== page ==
My UWC journey is finally over.
Just a couple months ago, I came back home after graduating from high school at UWC East Africa, Tanzania. It has been two wonderful years, and while I would like to share about the lessons I learned by living in the super-diverse environment of UWC, this entry is dedicated to things that I learned about Tanzania by living there.
To be specific, there are 5 things that I learned. The first one of them is the "Pole Pole" culture, or the "Slowly, Slowly" or"Easy, Easy" culture. Basically, the Pole Pole culture is Tanzanians' way of life - a philosophy of life that revolves around not stressing about things and taking everything easy. While at first it was hard to adapt to this Pole Pole environment (especially because it would lead to people being slightly lazy or late for appointments), with time I came to realize that the Pole Pole culture also leads to a more peaceful and worry-free life.
The second thing I learned is that they have a very funny and healthy rivalry with their neighbor Kenya. By living two years among Tanzanians (and some Kenyans), I came to learn that Tanzanians are constantly trying to emphasize how better they are compared to Kenyans (I once even heard a Tanzanian saying that their Swahili pronunciation is better). Of course, this always happens in a very friendly manner, with most of these instances taking place when a Tanzanian studentor teacher is teasing a Kenyan one (or vice-versa).
The next thing in my list has to be Tanzanian cuisine. I have a very contradictory opinion about Tanzanian food. Of course, I only had food from my school's dining hall, so I understand that this might not have been the most accurate representation of this country's food. Nevertheless, from what I got to eat, I must say that there are some really good-tasting plates, and others that are not that great. So, my favorite one is without a doubt, chipsi mayai. As Wikipedia puts it, chipsi mayai in its simplest form is a "potato-egg omelette". It's basically a mix between french fries and scrambled eggs. On the other hand, the Tanzanian food that I enjoyed the least was Ugali, which I like to call the tasteless dough (just google it, you'll understand what I mean). Overall, I'm not a huge fan of Tanzanian cuisine, but I'll certainly miss chipsi mayai.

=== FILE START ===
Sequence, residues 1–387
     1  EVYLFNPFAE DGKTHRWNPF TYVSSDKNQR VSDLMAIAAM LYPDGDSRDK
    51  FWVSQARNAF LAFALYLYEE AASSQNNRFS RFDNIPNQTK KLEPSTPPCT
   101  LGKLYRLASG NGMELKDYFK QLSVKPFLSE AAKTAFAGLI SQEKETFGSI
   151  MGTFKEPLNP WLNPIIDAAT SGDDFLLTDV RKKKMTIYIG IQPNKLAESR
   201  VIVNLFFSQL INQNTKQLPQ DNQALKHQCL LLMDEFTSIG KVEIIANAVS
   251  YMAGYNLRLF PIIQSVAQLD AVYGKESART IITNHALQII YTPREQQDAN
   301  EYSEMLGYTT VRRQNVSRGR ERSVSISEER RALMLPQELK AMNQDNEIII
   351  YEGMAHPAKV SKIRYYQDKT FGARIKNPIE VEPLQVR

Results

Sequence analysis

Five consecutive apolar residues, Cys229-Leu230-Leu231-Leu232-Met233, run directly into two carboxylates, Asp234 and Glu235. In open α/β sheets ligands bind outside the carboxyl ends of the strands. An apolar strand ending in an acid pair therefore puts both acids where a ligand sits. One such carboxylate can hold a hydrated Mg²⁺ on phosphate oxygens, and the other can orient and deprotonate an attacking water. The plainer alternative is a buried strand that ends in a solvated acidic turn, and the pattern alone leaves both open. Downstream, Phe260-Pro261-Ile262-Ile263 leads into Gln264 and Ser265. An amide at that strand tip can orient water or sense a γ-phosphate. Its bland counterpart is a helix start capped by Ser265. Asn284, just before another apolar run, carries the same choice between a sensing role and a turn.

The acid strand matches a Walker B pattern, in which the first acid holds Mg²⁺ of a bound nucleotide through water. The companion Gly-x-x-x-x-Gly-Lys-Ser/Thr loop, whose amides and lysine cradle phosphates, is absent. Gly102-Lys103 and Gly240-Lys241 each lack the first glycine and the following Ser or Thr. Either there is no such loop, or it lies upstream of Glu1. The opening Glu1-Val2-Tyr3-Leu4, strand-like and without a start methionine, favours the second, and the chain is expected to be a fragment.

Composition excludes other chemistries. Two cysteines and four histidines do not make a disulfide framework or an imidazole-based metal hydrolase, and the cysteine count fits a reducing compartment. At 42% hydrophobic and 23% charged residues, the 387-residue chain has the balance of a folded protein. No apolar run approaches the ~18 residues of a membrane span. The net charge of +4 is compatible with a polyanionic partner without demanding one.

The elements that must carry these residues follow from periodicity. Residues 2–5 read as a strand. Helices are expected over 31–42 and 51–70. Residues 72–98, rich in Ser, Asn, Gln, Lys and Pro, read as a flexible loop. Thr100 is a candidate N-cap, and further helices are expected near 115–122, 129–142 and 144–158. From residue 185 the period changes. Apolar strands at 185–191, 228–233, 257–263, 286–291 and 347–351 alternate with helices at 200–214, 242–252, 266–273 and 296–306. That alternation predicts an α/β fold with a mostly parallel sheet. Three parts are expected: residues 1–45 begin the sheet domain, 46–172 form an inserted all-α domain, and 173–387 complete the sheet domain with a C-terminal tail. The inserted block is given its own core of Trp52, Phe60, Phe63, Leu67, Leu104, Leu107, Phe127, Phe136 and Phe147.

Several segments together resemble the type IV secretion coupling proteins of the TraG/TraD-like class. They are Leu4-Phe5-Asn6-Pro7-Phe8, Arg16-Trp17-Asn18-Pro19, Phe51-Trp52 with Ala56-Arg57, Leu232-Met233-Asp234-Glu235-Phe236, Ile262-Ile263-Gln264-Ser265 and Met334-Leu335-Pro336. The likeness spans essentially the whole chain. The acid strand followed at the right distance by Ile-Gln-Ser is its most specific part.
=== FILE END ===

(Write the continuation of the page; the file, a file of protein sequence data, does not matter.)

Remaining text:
During my two years in Tanzania, I got to learn some Swahili words and phrases that are used in casual contexts. We havethe famous "Mambo" ("What's up?"), to which "poa" ("good") tends to be the answer; there is also "Habari" ("Any news?") and nzuri ("everything is fine"). A greeting to show respect is "Shikamoo" (usually employed by younger people to address elders), to which "Marahaba" is usually the response. Another important phrase (at least for tourists) is "Shingapi", which is the term used to ask for the price of something. Lastly, a very funny Swahili word I learned is "Mzungu". While the word literally translates to "white", the term is usually used by locals in Moshi, Tanzania (can't really speak for other parts of the country) to refer to tourists and foreigners. Other from that, most of the words I learned are just not that useful (eg: I know student is "mwanafunzi") - I know it's a bit embarrassing that in two years I only learned a handful of phrases, but don't blame me... it's harder than you think (I tried taking Swahili classes, but ended up dropping 'cause I had no idea what was going on)...